pre-mixing ingredients

Discussion in 'Cakes' started by André Chénier, Apr 8, 2019.

  1. André Chénier

    André Chénier New Member

    Joined:
    Apr 8, 2019
    Messages:
    2
    Likes Received:
    3
    I am a grandfather learning to bake muffins or cake for my grandsons, occasionally.

    As in everything else, I am trying to simplify my baking life via shortcuts and corner cutting

    I have 3 related questions

    1) sometime the recipe calls for both baking powder and baking soda. Can I cut a corner here and use only one ?

    2) can I batch pre-mix the flour with the baking powder/soda so that I don't have to do that every occasion that I bake?

    3) I imagine that it is very important that the powder/soda be very uniformly blended in the flour. Is there a quick and efficient way to do that ?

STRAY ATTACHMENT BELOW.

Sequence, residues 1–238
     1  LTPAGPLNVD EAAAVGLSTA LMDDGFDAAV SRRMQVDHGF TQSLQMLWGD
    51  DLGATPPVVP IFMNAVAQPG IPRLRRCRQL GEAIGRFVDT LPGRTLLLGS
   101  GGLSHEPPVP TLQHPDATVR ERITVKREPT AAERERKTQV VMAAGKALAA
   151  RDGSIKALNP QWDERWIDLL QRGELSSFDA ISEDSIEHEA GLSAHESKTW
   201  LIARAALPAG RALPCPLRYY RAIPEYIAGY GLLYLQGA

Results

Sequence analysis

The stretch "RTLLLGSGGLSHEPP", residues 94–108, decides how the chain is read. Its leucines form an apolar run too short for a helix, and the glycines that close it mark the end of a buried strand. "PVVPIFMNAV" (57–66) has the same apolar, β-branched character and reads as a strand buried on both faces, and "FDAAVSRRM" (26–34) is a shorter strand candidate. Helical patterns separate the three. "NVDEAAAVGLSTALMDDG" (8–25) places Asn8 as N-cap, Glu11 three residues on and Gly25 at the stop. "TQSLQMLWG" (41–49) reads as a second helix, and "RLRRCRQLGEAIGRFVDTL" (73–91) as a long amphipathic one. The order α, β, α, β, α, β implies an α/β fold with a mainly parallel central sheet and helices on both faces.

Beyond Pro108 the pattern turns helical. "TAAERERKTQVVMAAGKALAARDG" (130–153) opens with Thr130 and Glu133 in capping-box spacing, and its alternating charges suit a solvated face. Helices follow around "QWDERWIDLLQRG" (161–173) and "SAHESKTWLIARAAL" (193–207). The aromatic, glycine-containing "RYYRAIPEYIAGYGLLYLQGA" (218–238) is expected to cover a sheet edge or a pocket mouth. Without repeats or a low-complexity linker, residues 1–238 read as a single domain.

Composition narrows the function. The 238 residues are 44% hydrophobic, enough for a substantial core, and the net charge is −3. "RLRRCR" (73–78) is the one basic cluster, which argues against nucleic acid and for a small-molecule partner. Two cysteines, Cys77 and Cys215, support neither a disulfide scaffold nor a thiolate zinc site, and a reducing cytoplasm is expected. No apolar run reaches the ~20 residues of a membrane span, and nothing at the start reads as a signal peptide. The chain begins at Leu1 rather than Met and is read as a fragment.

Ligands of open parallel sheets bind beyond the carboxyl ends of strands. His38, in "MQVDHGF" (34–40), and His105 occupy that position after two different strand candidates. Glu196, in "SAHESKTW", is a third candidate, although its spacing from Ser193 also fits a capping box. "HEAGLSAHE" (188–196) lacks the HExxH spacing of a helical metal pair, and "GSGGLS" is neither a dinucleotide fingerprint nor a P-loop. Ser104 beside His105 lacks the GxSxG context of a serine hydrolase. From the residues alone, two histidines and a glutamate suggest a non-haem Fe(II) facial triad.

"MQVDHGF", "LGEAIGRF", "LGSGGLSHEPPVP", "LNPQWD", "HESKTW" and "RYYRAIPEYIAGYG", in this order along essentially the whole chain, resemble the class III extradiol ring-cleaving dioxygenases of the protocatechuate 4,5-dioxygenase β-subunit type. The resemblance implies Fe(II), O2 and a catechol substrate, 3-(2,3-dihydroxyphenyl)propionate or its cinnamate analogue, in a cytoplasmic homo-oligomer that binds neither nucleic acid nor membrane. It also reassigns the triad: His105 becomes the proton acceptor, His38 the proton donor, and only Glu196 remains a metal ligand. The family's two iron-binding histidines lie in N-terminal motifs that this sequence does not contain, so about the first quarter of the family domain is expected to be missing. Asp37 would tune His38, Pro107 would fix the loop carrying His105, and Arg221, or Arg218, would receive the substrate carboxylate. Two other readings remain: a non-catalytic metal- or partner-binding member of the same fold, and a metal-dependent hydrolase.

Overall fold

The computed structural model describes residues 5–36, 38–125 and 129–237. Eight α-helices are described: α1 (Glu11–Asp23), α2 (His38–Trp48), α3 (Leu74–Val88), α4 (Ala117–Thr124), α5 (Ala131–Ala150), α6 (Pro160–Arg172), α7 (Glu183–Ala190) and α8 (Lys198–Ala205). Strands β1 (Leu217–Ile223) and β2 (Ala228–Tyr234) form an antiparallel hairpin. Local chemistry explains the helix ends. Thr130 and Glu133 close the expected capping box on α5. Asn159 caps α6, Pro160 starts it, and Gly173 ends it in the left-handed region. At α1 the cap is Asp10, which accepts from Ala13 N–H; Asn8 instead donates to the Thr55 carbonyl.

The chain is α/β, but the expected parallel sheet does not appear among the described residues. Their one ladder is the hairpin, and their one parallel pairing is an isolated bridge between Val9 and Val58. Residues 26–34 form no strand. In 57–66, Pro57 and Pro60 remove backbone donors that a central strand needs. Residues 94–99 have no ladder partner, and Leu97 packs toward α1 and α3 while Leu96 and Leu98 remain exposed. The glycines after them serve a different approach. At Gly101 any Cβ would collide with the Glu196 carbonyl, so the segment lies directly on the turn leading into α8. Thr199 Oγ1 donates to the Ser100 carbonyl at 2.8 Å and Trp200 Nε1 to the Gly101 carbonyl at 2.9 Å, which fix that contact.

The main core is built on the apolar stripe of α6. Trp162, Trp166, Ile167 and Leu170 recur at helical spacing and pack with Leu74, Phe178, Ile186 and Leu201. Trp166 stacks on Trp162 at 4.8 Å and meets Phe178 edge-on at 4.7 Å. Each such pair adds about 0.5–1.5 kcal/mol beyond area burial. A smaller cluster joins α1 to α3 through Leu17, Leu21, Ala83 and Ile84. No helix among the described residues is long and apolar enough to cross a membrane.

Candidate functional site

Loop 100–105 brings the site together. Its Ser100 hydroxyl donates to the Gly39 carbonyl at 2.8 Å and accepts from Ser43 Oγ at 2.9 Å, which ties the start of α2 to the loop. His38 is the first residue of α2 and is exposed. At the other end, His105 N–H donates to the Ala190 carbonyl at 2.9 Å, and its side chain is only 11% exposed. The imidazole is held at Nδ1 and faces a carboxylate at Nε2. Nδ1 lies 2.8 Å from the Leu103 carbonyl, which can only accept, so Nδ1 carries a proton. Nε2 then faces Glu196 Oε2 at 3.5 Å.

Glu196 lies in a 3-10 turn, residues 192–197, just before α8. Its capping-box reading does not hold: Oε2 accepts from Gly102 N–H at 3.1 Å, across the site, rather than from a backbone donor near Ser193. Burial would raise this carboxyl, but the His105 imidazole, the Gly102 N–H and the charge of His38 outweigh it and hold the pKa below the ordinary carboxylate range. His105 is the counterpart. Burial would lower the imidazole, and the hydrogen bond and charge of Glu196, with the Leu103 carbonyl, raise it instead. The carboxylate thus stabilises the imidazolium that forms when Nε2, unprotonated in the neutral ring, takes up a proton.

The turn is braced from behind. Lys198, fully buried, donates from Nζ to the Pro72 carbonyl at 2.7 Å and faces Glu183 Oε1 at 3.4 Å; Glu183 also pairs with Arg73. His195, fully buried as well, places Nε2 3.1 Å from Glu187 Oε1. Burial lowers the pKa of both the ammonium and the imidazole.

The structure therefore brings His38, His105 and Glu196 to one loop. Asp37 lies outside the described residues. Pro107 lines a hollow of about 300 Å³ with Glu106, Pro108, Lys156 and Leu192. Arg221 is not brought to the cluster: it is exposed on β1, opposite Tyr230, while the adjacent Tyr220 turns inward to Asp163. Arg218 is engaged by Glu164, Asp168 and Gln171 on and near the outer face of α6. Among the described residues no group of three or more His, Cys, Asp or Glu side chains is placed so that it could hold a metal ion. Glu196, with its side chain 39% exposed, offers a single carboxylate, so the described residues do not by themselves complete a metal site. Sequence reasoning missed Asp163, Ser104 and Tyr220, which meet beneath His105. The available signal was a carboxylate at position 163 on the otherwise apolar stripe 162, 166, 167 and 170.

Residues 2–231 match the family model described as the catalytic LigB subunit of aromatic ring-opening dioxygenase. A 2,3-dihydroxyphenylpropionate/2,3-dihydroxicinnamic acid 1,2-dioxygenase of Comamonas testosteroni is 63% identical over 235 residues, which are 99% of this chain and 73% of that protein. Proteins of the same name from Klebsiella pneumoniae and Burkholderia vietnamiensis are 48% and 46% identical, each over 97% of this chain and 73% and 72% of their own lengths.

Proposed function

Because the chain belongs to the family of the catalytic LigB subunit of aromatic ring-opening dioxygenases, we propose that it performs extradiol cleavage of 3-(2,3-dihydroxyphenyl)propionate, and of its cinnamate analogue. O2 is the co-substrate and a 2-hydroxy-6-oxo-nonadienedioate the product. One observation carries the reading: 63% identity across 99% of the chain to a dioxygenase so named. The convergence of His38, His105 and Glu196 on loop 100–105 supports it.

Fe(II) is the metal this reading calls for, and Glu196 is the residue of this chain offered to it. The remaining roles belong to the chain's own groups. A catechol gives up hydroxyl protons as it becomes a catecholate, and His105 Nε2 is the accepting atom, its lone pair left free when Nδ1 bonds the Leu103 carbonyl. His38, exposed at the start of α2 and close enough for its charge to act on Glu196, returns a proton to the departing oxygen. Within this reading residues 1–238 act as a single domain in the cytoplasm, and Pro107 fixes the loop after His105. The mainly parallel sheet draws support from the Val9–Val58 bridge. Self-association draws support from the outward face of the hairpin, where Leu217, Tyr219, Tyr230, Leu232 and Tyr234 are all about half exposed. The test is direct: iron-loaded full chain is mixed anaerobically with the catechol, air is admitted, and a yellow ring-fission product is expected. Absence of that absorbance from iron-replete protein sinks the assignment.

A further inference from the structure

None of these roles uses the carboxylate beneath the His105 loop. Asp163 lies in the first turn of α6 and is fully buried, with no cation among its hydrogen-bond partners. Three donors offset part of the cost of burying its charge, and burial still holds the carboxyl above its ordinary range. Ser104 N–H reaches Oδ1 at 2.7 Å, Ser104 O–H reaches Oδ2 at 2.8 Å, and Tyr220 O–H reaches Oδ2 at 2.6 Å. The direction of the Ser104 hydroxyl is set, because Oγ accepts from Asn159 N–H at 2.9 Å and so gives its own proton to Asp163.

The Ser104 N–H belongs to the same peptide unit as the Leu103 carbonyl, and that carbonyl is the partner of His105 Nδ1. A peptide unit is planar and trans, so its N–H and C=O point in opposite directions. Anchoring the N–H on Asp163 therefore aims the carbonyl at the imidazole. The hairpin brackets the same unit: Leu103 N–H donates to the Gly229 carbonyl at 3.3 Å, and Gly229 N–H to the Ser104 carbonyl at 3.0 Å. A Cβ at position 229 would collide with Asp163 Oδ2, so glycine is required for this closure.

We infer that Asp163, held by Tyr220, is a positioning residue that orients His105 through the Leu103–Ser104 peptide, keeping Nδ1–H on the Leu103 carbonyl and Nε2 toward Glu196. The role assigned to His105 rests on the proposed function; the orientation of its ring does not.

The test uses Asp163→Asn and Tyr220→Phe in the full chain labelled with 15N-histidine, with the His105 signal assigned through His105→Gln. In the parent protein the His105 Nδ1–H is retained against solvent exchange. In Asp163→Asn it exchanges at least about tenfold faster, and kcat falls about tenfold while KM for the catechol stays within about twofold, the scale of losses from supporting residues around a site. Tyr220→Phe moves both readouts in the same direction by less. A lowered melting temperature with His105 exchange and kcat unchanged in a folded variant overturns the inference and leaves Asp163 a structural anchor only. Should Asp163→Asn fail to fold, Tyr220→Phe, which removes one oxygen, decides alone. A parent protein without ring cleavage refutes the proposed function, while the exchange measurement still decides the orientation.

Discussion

I will read your replies with much appreciation
     
    André Chénier, Apr 8, 2019
    #1
    Norcalbaker59 likes this.
    1. Advertisements

  2. André Chénier

    Norcalbaker59 Well-Known Member

    Joined:
    Jun 23, 2017
    Messages:
    2,010
    Likes Received:
    1,152
    Location:
    Northern California
    Hello and welcome to the forum

    How wonderful you bake with your grandson. Such time together are the making of cherished memories for the both of you.

    Regarding pre-mixing:

    Yes you can pre-mix your dry ingredients in advance. You can mix the flour, sugar, baking powder, baking soda and salt.

    Store your mix in an dry airtight container. It’s important the container will be airtight to prevent any moisture from getting in.

    The mix should hold at room temperature for one month. If you wish to store it longer, place it in the freezer. It should hold for approximately three months.


    =====================

    Regarding adding the leavening:

    You are correct leavening must be evenly distributed. Sifting is one step that should never be skipped or abbreviated.